What is Quinoa?
Quinoa (pronounced keen-wah) is the wonder grain: high in protein, gluten-free, easy to digest, and quick to cook. It makes a delicious breakfast (with sweet or savoury additions), pilaf, and salad; it can also be added to baked goods.
Technically quinoa is not a true grain, but is the seed of the Chenopodium or Goosefoot plant. It is used as a grain and substituted for grains because it can be cooked in such a similar way to more familiar ingredients, such as rice.
Quinoa was of great nutritional importance in pre-Columbian Andean civilizations, with good reason! It’s now being recognised as a food with exceptionally high nutritional value, in particular for its high protein content. Quinoa is approximately 12-18% protein, which is very high, but much more remarkably; it contains an almost perfect balance of all eight essential amino acids needed for tissue development in humans. It is particularly high in lysine, cystine and methionine-amino acids typically low in other grains. It is a good complement for legumes, which are often low in these 3 amino acids.
Quinoa is so useful it's being considered as a potential crop in NASA's Controlled Ecological Life Support System for long-duration manned spaceflights!
How to cook quinoa
Before cooking, the seeds must be rinsed to remove their bitter resin-like coating, which is called saponin. Quinoa is rinsed before it is packaged and sold, and as such, just a quick rinse in a strainer before cooking is plenty. If you get bitter tasting quinoa, it's not been rinsed vigorously enough.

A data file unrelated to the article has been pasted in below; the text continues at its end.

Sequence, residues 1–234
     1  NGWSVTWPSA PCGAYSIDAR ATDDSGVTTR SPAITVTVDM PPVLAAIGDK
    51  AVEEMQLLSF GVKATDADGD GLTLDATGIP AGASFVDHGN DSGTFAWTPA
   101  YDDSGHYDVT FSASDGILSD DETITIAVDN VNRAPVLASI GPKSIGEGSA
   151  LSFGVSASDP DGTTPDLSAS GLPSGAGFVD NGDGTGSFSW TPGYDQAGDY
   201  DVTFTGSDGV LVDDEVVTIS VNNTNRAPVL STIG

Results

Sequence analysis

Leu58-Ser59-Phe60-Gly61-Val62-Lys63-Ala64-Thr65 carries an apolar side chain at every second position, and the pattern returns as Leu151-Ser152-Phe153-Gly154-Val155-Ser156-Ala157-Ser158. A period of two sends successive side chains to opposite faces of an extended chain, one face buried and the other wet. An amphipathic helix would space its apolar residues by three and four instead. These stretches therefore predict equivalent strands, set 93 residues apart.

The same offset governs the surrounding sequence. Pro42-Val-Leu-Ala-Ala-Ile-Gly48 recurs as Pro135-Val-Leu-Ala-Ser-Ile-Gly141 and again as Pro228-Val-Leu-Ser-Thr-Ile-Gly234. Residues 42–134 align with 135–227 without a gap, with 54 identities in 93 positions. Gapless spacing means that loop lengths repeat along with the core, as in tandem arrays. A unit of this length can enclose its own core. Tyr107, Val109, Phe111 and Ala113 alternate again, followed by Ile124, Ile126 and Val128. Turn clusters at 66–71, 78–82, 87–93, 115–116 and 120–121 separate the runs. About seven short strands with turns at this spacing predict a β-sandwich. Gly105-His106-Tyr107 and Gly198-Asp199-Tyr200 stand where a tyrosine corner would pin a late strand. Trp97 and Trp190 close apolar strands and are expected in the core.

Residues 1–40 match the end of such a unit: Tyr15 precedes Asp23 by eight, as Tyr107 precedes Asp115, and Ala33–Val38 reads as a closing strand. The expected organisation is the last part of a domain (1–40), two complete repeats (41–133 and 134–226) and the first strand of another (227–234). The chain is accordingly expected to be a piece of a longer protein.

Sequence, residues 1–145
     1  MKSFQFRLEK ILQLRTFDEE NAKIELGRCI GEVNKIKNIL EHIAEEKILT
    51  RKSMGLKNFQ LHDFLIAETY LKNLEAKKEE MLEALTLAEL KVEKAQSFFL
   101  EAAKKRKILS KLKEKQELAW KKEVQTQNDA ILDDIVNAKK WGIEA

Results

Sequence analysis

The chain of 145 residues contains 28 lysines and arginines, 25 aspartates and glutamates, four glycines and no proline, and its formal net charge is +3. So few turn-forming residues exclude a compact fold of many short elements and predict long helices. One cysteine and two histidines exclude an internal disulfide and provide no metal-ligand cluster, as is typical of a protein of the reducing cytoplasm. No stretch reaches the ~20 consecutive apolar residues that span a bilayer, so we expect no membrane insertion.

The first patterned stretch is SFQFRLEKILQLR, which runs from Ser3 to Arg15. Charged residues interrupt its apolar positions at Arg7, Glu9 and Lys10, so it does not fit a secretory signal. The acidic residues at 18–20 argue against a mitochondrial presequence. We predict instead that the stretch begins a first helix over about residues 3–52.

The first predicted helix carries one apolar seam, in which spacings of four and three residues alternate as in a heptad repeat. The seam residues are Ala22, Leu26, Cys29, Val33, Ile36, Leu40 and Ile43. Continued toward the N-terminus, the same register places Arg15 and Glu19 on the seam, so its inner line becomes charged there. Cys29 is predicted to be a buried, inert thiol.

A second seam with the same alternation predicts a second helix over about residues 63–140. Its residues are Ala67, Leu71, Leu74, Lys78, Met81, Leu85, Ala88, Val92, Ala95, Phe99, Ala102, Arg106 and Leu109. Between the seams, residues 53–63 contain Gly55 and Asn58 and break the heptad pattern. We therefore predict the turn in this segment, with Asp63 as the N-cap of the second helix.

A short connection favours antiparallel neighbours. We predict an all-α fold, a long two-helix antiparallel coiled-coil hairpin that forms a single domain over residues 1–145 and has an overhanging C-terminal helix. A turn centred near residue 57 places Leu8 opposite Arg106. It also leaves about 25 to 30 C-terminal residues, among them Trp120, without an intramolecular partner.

You need 2 cups of water to 1 cup of uncooked quinoa. Cook for 20 minutes and you'll get 3 cups of cooked quinoa (roughly). Try cooking it in bouillon or vegetable stock for a savoury kick, or add fresh herbs and spices to give it zing.
Heat a little bit of olive oil and pop in the rinsed quinoa. Heat for a minute or so to evaporate some of the water. Add the water or stock (remember 2 parts water to 1 part quinoa) and bring to a rolling boil. Pop in a quarter teaspoon of salt if you are using it. Cover and cook for 15 minutes. Let it stand for 5 minutes off the heat and still covered. Fluff with a fork and voilá, perfect, tasty quinoa.
How do I use Quinoa flakes?
Quinoa flakes are made from flattening raw, uncooked quinoa. They can be used as a very quick porridge, or added to mueslis, flapjacks and other baking to add protein. They are incredibly easy to use and digest and so are a popular choice for breakfasts. Their high protein content can help to make you feel full all day, they're also incredibly useful if anyone suffers from an upset stomach as they have a calming effect and no allergens. Try our Real Foods Organic Quinoa Flakes available in a range of sizes here. or Biofair's Fairtrade and Organic Quinoa Flakes here.
Simply add water, milk or one the many milk alternatives, soak for around 2 minutes (anything form 90 seconds to about 3 minutes will do it) and eat!
Liven up a Risotto with Mushroom and Quinoa
Try a fruity quinoa salad (great as a side dish for a special occasion)
Zesty Quinoa with Broccoli and Cashews is a quick and easy meal
This tasty quinoa loaf made with mushrooms and peas is a great dairy free and vegan main course
Real Foods How To Cook Guides